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Xingchi Wang and Tobias Kukulka

Abstract

Turbulence driven by wind and waves controls the transport of heat, momentum, and matter in the ocean surface boundary layer (OSBL). For realistic ocean conditions, winds and waves are often neither aligned nor constant, for example, when winds turn rapidly. Using a large-eddy simulation (LES) method, which captures shear-driven turbulence (ST) and Langmuir turbulence (LT) driven by the Craik–Leibovich vortex force, we investigate the OSBL response to abruptly turning winds. We design idealized LES experiments in which winds are initially constant to equilibrate OSBL turbulence before abruptly turning 90° either cyclonically or anticyclonically. The transient Stokes drift for LT is estimated from a spectral wave model. The OSBL response includes three successive stages that follow the change in direction. During stage 1, turbulent kinetic energy (TKE) decreases as a result of reduced TKE production. Stage 2 is characterized by TKE increasing, with TKE shear production recovering and exceeding TKE dissipation. Transient TKE levels may exceed their stationary values because of inertial resonance and nonequilibrium turbulence. Turbulence relaxes to its equilibrium state at stage 3, but LT still adjusts as a result of slowly developing waves. During stages 1 and 2, greatly misaligned wind and waves lead to Eulerian shear TKE production exceeding Stokes drift shear TKE production. A Reynolds stress budget analysis and Reynolds-averaged Navier–Stokes equation models indicate that Stokes drift shear production furthermore drives the OSBL response. The Coriolis effects result in asymmetrical OSBL responses to wind turning directions. Our results suggest that transient wind conditions play a key role in understanding realistic OSBL dynamics.

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Olivier Marchal and Ning Zhao

Abstract

Radiocarbon dates of fossil carbonates sampled from sediment cores and the seafloor have been used to infer that deep ocean ventilation during the last ice age was different from today. In this first of two companion papers, the time-averaged abyssal circulation in the modern Atlantic is estimated by combining a hydrographic climatology, observational estimates of volume transports, Argo float velocities at 1000 m, radiocarbon data, and geostrophic dynamics. Different estimates of modern circulation, obtained from different prior assumptions about the abyssal flow and different errors in the geostrophic balance, are produced for use in a robust interpretation of fossil records in terms of deviations from the present-day flow, which is undertaken in Part II. We find that, for all estimates, the meridional transport integrated zonally and averaged over a hemisphere, ⟨V k⟩, is southward between 1000 and 4000 m in both hemispheres, northward between 4000 and 5000 m in the South Atlantic, and insignificant between 4000 and 5000 m in the North Atlantic. Estimates of ⟨V k⟩ obtained from two distinct prior circulations—one based on a level of no motion at 4000 m and one based on Argo float velocities at 1000 m—become statistically indistinguishable when Δ14C data are considered. The transport time scale, defined as τk=Vk/Vk, where Vk is the volume of the kth layer, is estimated to about a century between 1000 and 3000 m in both the South and North Atlantic, 124 ± 9 yr (203 ± 23 yr) between 3000 and 4000 m in the South (North) Atlantic, and 269 ± 115 yr between 4000 and 5000 m in the South Atlantic.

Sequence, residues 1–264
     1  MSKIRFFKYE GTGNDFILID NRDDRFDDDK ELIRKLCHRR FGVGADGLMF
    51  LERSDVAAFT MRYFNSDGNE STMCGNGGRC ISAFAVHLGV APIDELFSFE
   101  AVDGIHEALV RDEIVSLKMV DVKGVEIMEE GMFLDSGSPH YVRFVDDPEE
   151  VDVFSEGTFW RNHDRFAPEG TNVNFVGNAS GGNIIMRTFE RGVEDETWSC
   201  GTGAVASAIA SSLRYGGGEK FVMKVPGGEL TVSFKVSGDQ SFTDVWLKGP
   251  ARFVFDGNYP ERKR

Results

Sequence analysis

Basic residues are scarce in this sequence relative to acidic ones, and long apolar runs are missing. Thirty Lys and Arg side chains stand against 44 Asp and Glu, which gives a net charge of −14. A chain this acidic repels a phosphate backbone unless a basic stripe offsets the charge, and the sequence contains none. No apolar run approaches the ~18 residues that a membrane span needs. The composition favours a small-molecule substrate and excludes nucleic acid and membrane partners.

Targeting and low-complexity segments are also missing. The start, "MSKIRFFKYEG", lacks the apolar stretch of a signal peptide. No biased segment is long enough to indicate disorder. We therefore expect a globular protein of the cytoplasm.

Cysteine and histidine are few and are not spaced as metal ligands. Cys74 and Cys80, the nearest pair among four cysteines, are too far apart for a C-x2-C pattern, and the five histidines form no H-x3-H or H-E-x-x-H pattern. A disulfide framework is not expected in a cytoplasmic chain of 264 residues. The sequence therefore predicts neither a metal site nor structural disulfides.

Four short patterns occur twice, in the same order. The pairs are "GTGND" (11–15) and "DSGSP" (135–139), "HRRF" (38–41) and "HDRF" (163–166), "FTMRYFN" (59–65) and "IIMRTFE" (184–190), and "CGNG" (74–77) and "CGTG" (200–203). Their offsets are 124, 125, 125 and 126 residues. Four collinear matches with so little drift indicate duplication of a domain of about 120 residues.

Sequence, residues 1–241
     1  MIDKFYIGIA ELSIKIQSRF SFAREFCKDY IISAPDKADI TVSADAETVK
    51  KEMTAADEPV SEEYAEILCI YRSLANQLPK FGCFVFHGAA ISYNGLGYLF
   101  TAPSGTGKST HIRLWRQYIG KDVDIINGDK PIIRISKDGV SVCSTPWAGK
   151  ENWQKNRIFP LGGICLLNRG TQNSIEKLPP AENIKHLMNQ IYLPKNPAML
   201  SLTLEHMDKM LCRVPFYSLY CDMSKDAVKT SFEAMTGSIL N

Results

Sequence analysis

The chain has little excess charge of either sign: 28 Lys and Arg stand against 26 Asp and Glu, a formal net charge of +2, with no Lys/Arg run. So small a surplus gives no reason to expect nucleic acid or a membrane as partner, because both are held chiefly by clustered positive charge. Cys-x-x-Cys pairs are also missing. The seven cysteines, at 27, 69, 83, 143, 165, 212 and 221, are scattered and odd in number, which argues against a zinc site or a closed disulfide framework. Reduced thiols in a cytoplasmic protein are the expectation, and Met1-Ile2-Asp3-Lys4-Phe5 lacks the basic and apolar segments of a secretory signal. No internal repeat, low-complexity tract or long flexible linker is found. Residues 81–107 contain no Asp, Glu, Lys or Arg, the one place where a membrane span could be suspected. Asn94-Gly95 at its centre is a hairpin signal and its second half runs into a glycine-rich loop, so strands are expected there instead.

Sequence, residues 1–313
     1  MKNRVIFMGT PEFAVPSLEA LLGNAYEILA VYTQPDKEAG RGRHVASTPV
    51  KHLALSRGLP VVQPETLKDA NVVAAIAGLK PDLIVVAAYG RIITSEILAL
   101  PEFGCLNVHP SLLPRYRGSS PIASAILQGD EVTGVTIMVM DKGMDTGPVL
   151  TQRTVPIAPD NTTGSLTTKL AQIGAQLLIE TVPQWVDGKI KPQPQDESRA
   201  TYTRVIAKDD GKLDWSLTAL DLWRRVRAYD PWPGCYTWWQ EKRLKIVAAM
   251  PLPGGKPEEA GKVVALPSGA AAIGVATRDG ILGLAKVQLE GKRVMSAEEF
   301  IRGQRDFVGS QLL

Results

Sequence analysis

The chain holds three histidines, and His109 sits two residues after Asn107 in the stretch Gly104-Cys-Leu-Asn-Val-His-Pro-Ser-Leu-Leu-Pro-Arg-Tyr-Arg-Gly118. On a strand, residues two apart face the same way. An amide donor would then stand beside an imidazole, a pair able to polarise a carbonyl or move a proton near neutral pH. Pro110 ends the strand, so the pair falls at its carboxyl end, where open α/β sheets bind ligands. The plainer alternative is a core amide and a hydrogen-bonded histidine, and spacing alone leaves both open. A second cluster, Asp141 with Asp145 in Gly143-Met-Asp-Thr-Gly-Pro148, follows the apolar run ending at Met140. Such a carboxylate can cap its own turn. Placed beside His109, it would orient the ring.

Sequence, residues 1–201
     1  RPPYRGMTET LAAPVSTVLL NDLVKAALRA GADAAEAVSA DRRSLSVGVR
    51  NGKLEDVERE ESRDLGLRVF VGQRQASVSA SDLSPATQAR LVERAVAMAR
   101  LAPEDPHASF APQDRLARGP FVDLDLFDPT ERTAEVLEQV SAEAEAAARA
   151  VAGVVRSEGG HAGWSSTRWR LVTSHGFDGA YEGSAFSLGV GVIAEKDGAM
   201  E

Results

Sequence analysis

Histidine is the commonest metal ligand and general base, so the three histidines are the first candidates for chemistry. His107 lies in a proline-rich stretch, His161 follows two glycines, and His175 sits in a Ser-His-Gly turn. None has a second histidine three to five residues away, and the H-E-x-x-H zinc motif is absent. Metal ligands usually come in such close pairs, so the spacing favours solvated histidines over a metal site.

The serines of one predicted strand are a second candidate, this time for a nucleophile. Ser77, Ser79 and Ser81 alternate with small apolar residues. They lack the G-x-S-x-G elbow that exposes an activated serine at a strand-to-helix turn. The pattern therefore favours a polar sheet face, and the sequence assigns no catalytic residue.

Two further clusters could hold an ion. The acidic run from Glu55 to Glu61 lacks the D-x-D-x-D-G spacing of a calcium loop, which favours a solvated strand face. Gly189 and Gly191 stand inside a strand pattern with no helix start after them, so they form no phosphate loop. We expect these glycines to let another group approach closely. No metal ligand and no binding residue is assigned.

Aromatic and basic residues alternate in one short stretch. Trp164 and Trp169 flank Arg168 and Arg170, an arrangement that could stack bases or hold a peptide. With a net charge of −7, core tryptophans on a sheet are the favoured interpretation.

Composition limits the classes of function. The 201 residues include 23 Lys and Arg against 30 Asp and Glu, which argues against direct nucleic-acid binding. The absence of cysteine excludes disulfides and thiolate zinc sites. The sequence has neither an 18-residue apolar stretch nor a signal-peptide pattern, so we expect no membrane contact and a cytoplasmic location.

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Wilton Sturges

Abstract

A previous study by the author concluded that either there were errors in the satellite results or that some long-term means were not in geostrophic balance. Ship-drift results are in good agreement with surface drifters, but these two do not agree with satellite sea surface heights (SSH). The agreement between the first two suggested the possibility that there could be errors in the SSH or that the mean surface flow is not in geostrophic balance. The present results, using the addition of a fourth long-term mean from hydrographic data, which agrees with the SSH, resolves the issue. The lack of agreement between different long-term means is from inadequate coverage in space and time in data from ship drifts and drifters.

Open access
Lu Han, Harvey Seim, John Bane, Robert E. Todd, and Mike Muglia

Abstract

Carbon-rich Middle Atlantic Bight (MAB) and South Atlantic Bight (SAB) shelf waters typically converge on the continental shelf near Cape Hatteras. Both are often exported to the adjacent open ocean in this region. During a survey of the region in mid-January 2018, there was no sign of shelf water export at the surface. Instead, a subsurface layer of shelf water with high chlorophyll and dissolved oxygen was observed at the edge of the Gulf Stream east of Cape Hatteras. Strong cooling over the MAB and SAB shelves in early January led to shelf waters being denser than offshore surface waters. Driven by the density gradient, the denser shelf waters cascaded beneath the Gulf Stream and were subsequently entrained into the Gulf Stream, as they were advected northeastward. Underwater glider observations 80 km downstream of the export location captured 0.44 Sv (1 Sv ≡ 106 m3 s−1) of shelf waters transported along the edge of the Gulf Stream in January 2018. In total, as much as 7 × 106 kg of carbon was exported from the continental shelf to a greater depth in the open ocean during this 5-day-long cascading event. Earlier observations of near-bottom temperature and salinity at a depth of 230 m captured several multiday episodes of shelf water at a location that was otherwise dominated by Gulf Stream water, indicating that the January 2018 cascading event was not unique. Cascading is an important, yet little-studied pathway of carbon export and sequestration at Cape Hatteras.